The sexual gamesmanship of his famous Dietrich collaborations, where rituals of erotic power both white-anted familiar social structures but were also corralled by them, are here pushed into a zone beyond, where mere predatory behaviour dominates, but also proves self-consuming. Turning his hand to a Japanese subject allowed Sternberg to transplant his signature obsessions into what he saw a strongly hierarchical and traditionalist society redolent of the subcultures of The Docks of New York (1928) or the never-never Russia of The Scarlet Empress: there’s both more transgressive kick and extremity inherent in the surrender of his characters to anarchic impulses, from Keiko sundering her part as dutiful Japanese wife to the soldiers casting off the yoke of Amanuma. The different viewpoint also gives Sternberg a different way of perceiving life’s events in spiritual terms, his drama framed in the precepts of Buddhist faith where the travails of life are a desperate wading through the muck of life to reach enlightenment, and wade our heroes do, rather than as any of kind of fall-from-Eden parable.
Sternberg’s anti-realist approach allows him to create an aesthetic universe as strong yet fine, as lovingly and precisely composed as an ideogram: Anatahan becomes a mimesis for an entire state of being. Sternberg’s use of a voiceover to convey his narrative essentials resembles the employment of the “benshi” or narrator, a tradition derived from kabuki theatre adapted for silent cinema, who would explain not just the plot but the themes and moral instructions. Like many directors who started in the silent cinema and whose careers lasted into the 1950s, Sternberg seems to be backsliding towards the older cinematic form, although his approach also surely helped him overcome language problems. Nonetheless Anatahan unfolds as a series of shots that recall oriental scroll paintings, flat and panoramic in their sense of bodies and objects, the jungle backdrops providing textured decorative design. The brief framing sequences aboard the ship that brings the sailors to the island and the postscript at a runway both conspicuously offer purposefully obvious back-projection, ship rigging and ranks of photographers alike used as a kind of cordon for reality. Ships appear like little ink squiggles drawn onto the film. Sternberg interpolates a segment consisting of documentary footage of returning servicemen, creating a stylistic switchback in escaping from the hermetic approach elsewhere to underscore the contrast of experience
Sternberg wryly notes how shameful it is to poke into people’s private affairs except when it aids in the cause of self-knowledge, because no human behaviour is unknown to any human. The pairing of Keiko and Kusakabe fascinates the director, a union that exists beyond law and seeming sense, but certainly evokes the jaggedness of an authentic relationship, the switchbacks of worship and abuse, the peculiarly exultant suffering of the spurned. To Kusakabe Keiko is both taunting devil and goddess to battle and prostrate himself before; to the other men she’s a nymph skipping through the underbrush to take her baths in a rainwater-filled tub and sitting naked on the rocks, the ocean foaming about her like the world’s creaming ejaculate. Yanaginuma peers at Keiko as she immerses herself with an octopus tentacle and eel fished from the sea slung around his neck, a splendidly charged image of insidious ambitions slinking in the young man's man. Phallic humour is apparent as the hand guns imbue their holders with presumed sexual rights as well as intimidating stature, whilst the toppled and castrated Amanuma retreats into the jungle to nurse his salvaged machine gun, the most potent weapon which is, notably, never fired. The officer, who is labelled “The Patriot” in the credits, finally refuses to join the other sailors when the time to leave the island finally beckons. The plans to build boats to sail off the island never progress further than some tiny models lined up on the sand.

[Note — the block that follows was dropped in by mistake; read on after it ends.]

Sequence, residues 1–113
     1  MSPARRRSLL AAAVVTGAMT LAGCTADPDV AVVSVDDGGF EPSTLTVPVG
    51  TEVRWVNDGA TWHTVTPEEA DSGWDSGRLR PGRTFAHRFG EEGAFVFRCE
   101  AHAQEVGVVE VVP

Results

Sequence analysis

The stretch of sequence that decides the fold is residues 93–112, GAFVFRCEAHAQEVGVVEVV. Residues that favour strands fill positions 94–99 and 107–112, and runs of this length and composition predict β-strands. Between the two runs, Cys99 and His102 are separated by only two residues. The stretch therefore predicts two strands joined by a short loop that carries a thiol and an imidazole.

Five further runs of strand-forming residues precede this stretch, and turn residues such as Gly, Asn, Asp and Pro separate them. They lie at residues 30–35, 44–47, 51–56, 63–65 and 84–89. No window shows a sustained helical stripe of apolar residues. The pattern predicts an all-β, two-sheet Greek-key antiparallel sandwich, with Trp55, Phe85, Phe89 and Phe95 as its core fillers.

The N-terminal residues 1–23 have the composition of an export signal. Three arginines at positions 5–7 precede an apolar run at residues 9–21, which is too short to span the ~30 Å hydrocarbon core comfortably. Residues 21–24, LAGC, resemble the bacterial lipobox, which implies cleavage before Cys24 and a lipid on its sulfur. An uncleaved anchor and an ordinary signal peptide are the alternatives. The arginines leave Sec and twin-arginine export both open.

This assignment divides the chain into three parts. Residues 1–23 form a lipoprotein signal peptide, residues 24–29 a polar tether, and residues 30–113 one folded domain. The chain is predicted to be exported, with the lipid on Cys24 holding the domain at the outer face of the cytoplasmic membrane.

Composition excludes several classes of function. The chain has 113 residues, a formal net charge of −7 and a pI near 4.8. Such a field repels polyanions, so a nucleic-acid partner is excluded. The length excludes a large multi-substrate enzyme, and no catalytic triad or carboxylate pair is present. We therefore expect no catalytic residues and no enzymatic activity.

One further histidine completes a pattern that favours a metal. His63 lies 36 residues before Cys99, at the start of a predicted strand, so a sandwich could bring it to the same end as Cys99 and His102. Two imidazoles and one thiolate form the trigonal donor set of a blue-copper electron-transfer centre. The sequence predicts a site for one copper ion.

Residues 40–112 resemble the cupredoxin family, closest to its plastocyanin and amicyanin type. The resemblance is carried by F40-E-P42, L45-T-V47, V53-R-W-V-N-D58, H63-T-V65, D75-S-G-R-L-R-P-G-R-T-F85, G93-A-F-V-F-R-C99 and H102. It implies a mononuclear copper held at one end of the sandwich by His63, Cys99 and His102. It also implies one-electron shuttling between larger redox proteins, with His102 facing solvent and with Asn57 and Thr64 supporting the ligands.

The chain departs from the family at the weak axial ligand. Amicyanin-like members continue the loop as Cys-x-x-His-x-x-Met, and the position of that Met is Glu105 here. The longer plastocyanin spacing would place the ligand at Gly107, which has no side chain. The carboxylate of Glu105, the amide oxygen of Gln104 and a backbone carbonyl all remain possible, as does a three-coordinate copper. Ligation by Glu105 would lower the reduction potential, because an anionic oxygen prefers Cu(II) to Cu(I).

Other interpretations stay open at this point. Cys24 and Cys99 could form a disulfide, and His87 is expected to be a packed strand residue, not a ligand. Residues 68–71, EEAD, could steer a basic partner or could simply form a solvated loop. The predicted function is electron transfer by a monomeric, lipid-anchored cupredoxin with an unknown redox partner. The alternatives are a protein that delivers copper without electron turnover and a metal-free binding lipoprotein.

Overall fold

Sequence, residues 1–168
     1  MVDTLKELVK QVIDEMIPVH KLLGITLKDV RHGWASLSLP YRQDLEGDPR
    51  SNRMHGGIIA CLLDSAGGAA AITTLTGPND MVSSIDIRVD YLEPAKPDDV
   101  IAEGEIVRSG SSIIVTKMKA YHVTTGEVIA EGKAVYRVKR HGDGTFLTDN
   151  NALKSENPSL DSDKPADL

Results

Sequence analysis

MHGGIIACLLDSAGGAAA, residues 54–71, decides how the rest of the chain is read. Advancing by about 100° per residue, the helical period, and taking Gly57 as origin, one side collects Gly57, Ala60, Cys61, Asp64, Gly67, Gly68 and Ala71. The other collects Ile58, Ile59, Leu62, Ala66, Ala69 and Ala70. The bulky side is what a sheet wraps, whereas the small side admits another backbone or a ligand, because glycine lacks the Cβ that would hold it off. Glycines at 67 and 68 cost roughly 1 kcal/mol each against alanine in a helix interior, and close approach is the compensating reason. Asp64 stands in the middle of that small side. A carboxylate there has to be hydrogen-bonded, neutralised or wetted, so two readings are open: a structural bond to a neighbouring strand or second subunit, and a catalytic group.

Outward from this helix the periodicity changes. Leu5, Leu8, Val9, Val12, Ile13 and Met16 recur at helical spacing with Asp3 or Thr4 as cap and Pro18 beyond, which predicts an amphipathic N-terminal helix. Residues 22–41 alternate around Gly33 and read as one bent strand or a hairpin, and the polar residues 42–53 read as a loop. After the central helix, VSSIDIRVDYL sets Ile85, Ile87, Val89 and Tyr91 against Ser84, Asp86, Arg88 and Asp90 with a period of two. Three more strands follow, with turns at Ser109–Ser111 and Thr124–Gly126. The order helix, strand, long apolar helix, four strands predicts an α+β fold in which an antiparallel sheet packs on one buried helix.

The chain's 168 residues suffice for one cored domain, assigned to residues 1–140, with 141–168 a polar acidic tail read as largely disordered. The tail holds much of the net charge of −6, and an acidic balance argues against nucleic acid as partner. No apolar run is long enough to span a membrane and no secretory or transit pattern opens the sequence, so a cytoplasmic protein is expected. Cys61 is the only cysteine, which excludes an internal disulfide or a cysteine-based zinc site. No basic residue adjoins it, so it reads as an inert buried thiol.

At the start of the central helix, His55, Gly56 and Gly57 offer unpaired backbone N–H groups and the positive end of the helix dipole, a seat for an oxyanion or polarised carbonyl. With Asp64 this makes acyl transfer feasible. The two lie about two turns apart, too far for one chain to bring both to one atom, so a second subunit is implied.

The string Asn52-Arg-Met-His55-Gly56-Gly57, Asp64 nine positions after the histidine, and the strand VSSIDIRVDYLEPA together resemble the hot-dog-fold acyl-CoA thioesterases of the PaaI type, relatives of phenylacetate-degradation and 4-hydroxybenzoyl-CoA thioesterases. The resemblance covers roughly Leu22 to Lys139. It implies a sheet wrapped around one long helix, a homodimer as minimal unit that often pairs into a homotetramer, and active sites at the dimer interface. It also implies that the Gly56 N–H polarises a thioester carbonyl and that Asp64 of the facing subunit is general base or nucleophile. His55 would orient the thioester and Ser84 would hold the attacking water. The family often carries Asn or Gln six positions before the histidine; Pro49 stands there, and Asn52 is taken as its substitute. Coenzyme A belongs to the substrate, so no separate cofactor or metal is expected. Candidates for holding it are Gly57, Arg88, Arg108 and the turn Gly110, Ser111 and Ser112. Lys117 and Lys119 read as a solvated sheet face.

The typhoons that whip the island testify to nature’s general indifference to the humans clinging to its face. The island’s poisonous, impenetrable girdle allows no insight, only a dense, choking fence through which Sternberg’s camera travels in a long tracking shot, finding no space or clearing to gain bearings or relief. The demands of nature torture the castaways out of shape: “obedient, polite” warriors for the Imperial cause who refuse to surrender to the enemy readily surrender to the temptation to become Neolithic kings claiming their concubine and rising to the top of the heap, or the “Hill of Fools” as the castaways dub the shack the various conquerors capture and lose. Yoshiri, the smiling, likeable “chief cook and bottle-washer,” with his signature trophy, a American sailor’s hat, becomes the coldest killer as he hunts down Kusakabe, who dissolves into the jungle never to emerge. He also becomes the most imperious in his insistence Keiko submits to his desires and rule. He’s also the most swiftly and contemptuously slain of the men, shot in the dark by Keiko in revenge for Kusakabe. Sternberg sums up his 24-hour rule with bottomless sarcasm: “Keiko was his, and all the coconut wine he could guzzle – untold riches.”
All the actors seem to have been carefully cast for their strong and individual countenances, recorded in stark yet refined detail by Sternberg’s camera. Sternberg films Negishi as the last of his great actress-sphinxes, the sleek plains of her face a universe unto itself to be explored for various lodes of emotion, alluring in her sensual goading, foreboding in her offence, plaintive in her wistful remembering of the dead at the very end. Keiko’s innate decency and her peculiar form of love felt for all the men proves in the end to be their salvation, allowing them to return home and find peace, if not freedom from the shades that follow them, shades seen only by the elusive yet attentive Keiko. Anatahan belongs in that little annex of Sternberg’s films with Crime and Punishment as a near-perfectly realised islet of compressed and abstracted dramatic texture, but it’s also unique but just about anyone’s measure in its dramatic method. Only the occasional, ungainly jots of sexploitation, including a very brief glimpse of Negishi completely nude, seem hamfisted. Whilst the film only made a mild impression at the Japanese box office and was a total dud in America, effectively ending Sternberg’s career, it might well have made a lasting impression on those who saw it, as similar experiments in total stylisation would become common in Japanese cinema in the next decade, in the likes of Masaki Kobayashi’s Kwaidan (1964).